Thursday, 19 January 2012

The Clyde Arms, Brighton – Once a House of Repute in Sussex

It is my intention to identify all the pubs that were houses of the Kemp Town Brewery, Brighton. A main reason for my interest in this brewery is that they were evangelists for the cause of public house improvement during the interwar years and used local architect John Leopold Denman to execute many of their designs. Some of the buildings that their pubs inhabited are, unfortunately, no longer with us, having been demolished.

I did at least manage to visit the Ball Tree, Sompting some years before its recent demise, the subject of my Blog dated 24th October 2011. Not so for the Clyde Arms, 25 Bristol Gardens, Brighton. Hence, I have to rely on old photographs.
The Clyde Arms dates from the 1870s when Bristol Gardens was called Sussex Street, the pub being at No. 5. In this 1927 photograph from the James Gray Collection the pub remains a recognisably Victorian building but this was just a year before it was rebuilt. The fascia advertises KEMP TOWN BREWERY ENTIRE and identifies the landlord as F. HUGGETT. More specifically, as the Trade and Post Office Directories of the period tell us, he was Frank R. Huggett, who took over in 1927 from Alfred Francis and by 1935 was succeeded by a George S. Huggett, obviously a close relative.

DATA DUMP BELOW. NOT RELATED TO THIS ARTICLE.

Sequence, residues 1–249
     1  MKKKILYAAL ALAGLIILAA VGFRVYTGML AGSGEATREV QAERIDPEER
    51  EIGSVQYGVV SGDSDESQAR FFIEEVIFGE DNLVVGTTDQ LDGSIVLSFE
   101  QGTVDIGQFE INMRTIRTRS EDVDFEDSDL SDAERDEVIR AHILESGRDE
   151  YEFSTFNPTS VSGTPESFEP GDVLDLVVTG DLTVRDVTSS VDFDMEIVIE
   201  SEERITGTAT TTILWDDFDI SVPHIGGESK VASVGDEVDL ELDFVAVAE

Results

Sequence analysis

The application and plans for the rebuilding were lodged at the Brighton Borough Petty Sessional Division, date 20th December 1927, now stored at the East Sussex Record Office, Lewes. The client was Messrs Abbey & Sons & Kemp Town Brewery, the Architect or Builder, Denman & Son.

The above, second photograph of the pub, appears in the brewery’s own publication, In and Around Brighton: Houses of “Repute” in Sussex, was taken after the rebuild and shows a characteristic classical neo-Georgian design by Denman. What is now advertised is the brewery’s Dolphin brand of beers. The modelled panels either side of the central window on the first-floor front elevation may depict dolphins. Note the east-facing, bow-fronted wine office, typical of rebuilt Kemp Town Brewery pubs of this period.

In late-1930 an extension to the opposite, west side was built, again by Denman & Son. The pub remained in existence until some several years ago. I must have jogged past it on numerous occasions in the late 1980s but there was no reason for it to draw my attention at that time. The colour photograph shows the new flats standing on the site today. The rear gable wall of the first Victorian house in Princes Terrace (right edge of today's view) is presumably that just visible on the right edge of the James Gray photograph.


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